Police investigating ‘Blessings Circle’ and other Pyramid schemes

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The Guyana Police Force (GPF) is investigating several pyramid schemes which are referred to as ‘The Blessings Circle’ or ‘The Flower’ after some persons were scammed of their monies.

“As we speak, we are investigating one instance where persons would have collected money from individuals…they refer to it as a flower and every petal, you have about six persons and they invest [over] $60,000 and get back $130,000,” Crime Chief Wendell Blanhum said in an invited comment to the News Room on Tuesday.

One person contacted the News Room alleging that he invested in such a scheme and also brought other investors; however, after accumulating $2M, the recruiter fled.

Asked whether the current investigations were sparked by an alleged robbery, the Crime Chief said: “the report that we’re investigating is something of that nature.”

He said the matter is being investigated by the fraud squad at the Criminal Investigations Department (CID).

Several persons have been promoting the pyramid schemes called ‘Blessing Circles’ on social media where others are invited to invest varying amounts of money for large returns. Part of the scheme is for them to also engage in continuous recruitment of persons to join the pyramid scheme.

In August, the Competition and Consumer Affairs Commission (CCAC) advised members of the public to be wary of Pyramid and Ponzi schemes which are disguised as legitimate investments.

The warning from CCAC was issued in the wake of several enquiries made to the Commission about the investment “scams”.

The Commission has also been told of approaches made to persons with the “get rich quick” through investing in these groups that will earn them multiple times their investment.

Consumers need to note that “essentially, the foundation on which the pyramid scheme is built is the problem. Any plan that offers commissions for recruiting new members will inevitably collapse. The real casualties in the collapse are always the people in the bottom, with the people at the top of the pyramid protected,” the CACC said.

Part V of the Guyana Consumer Affairs Act, No. 13 of 2011 speaks to the issue of “Pyramid selling” as it clearly states:  a person shall not promote or operate a pyramid selling scheme and any person who contravenes the subsection of this Act commits an offence.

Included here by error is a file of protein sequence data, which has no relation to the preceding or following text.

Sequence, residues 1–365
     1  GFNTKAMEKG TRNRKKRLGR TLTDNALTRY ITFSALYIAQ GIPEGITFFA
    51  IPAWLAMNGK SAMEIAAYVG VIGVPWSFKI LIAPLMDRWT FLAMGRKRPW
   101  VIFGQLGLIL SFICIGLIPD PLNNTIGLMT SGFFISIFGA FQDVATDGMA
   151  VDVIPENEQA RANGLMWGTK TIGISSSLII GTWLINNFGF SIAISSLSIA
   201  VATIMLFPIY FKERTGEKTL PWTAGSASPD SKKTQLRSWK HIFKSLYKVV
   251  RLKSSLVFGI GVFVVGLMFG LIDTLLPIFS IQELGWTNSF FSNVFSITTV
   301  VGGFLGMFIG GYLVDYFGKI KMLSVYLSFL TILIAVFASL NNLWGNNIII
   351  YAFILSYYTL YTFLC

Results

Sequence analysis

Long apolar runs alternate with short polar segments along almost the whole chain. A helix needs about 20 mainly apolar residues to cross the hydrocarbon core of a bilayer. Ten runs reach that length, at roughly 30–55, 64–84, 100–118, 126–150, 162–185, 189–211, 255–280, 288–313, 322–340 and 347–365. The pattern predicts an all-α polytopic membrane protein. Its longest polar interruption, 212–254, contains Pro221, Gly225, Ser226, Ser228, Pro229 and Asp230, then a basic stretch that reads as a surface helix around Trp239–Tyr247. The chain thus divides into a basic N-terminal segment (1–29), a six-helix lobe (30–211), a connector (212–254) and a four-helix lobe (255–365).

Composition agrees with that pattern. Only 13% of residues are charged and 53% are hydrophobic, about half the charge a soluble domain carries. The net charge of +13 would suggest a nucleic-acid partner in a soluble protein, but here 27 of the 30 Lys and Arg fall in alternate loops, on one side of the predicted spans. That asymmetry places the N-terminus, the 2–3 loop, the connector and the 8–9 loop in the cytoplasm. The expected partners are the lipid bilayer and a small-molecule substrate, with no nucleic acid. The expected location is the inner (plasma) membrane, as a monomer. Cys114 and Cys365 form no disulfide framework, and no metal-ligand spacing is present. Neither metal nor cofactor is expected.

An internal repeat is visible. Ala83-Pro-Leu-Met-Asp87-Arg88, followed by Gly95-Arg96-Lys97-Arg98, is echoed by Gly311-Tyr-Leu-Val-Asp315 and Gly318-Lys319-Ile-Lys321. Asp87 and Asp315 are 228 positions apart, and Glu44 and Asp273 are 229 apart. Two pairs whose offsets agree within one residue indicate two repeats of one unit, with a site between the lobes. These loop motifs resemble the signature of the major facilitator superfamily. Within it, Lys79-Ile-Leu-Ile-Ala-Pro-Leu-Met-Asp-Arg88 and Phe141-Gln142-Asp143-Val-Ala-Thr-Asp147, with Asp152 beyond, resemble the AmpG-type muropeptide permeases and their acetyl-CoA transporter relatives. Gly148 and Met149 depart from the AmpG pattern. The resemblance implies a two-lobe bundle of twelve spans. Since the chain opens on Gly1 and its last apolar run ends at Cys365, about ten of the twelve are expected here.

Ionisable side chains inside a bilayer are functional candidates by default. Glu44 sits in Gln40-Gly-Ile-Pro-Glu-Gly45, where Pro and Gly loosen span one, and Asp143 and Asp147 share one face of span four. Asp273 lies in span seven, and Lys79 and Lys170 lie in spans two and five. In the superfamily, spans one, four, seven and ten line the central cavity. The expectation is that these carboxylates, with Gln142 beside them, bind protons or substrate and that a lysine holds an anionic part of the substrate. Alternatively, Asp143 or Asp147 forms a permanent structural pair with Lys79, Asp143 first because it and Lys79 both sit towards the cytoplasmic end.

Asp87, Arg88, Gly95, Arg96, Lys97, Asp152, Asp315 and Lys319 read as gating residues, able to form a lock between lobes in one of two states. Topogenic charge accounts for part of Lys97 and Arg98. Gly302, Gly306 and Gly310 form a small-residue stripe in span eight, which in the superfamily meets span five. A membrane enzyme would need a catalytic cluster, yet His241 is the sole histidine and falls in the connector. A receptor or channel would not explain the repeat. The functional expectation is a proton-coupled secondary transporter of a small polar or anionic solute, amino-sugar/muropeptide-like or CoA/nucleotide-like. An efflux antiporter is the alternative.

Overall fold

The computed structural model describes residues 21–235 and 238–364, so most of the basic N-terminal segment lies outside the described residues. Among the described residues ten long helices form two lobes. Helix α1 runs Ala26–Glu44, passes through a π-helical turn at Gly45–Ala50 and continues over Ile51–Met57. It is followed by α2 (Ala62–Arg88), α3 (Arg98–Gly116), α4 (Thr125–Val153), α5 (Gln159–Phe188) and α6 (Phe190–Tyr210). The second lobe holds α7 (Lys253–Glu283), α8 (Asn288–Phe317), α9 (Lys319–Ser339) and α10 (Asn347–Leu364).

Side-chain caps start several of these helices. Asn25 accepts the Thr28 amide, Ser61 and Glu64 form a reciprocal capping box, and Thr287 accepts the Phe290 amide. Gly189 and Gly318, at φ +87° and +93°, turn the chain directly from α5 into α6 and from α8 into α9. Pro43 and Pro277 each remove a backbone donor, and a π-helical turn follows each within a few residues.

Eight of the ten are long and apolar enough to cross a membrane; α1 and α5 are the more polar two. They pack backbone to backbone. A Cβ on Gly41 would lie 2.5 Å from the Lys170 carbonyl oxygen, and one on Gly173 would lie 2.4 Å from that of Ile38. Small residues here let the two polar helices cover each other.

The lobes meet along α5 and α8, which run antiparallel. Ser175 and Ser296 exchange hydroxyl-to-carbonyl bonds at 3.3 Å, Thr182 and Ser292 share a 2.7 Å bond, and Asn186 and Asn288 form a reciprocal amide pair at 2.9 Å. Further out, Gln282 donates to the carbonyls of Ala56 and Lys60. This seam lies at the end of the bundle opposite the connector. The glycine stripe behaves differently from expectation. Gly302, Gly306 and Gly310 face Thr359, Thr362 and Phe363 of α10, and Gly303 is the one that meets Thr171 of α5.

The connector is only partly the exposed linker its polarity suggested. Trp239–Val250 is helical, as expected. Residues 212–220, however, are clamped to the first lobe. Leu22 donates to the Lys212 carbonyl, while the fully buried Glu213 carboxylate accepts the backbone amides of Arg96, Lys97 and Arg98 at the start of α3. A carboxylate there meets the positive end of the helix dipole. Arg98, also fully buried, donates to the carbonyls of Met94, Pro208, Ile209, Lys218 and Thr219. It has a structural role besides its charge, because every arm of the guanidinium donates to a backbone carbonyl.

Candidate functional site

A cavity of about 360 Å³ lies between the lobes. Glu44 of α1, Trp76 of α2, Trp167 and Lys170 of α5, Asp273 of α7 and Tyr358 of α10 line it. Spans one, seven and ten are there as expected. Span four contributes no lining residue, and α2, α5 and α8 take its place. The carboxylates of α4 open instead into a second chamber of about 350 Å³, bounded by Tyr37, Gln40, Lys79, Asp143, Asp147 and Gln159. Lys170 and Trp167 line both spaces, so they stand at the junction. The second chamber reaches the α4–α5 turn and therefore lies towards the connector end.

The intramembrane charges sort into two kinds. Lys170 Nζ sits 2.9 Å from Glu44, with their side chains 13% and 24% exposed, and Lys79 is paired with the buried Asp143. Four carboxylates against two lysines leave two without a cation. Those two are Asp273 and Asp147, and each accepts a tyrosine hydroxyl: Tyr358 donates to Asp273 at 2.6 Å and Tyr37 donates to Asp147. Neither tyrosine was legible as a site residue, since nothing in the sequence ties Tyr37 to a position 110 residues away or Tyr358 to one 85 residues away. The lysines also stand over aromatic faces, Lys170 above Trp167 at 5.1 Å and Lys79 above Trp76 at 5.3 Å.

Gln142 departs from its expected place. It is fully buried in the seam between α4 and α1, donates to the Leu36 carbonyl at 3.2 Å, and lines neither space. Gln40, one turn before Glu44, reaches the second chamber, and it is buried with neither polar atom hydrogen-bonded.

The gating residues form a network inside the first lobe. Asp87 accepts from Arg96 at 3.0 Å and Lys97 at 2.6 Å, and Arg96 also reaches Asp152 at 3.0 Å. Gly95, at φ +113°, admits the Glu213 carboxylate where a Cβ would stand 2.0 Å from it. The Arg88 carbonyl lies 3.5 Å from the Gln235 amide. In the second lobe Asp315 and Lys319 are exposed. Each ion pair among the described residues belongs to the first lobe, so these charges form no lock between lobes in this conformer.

The Act spells out that the term “pyramid selling scheme means a scheme that (a) provides for the supply of goods or services or both for reward; (b) that, to many participants, constitutes primarily an opportunity to sell an investment opportunity rather than an opportunity to supply goods or services: and (c) that is unfair, or is likely to be unfair, to many of the participants in that – (1) the financial rewards of many of the participants are dependent on the recruitment of additional participants; and (11) the number of additional participants that must be recruited to produce reasonable rewards to participants is either not attainable, or is not likely to be attained, by many of the participants.

Currently, the proprietor of an alleged Ponzi scheme, Yuri Dominguez is before the Georgetown Magistrates’ court on 80 fraud charges for soliciting millions of dollars from hundreds of unsuspecting Guyanese who were enticed by extraordinary returns of approximately 40%. Investors were also encouraged to enlist additional persons on a 10% commission basis.

The company was charged for operating without a license from the Guyana Securities Council and running a pyramid scheme on October 16, 2020.

1 Comment
  1. Matthew says

    IQ tests should be administered periodically.

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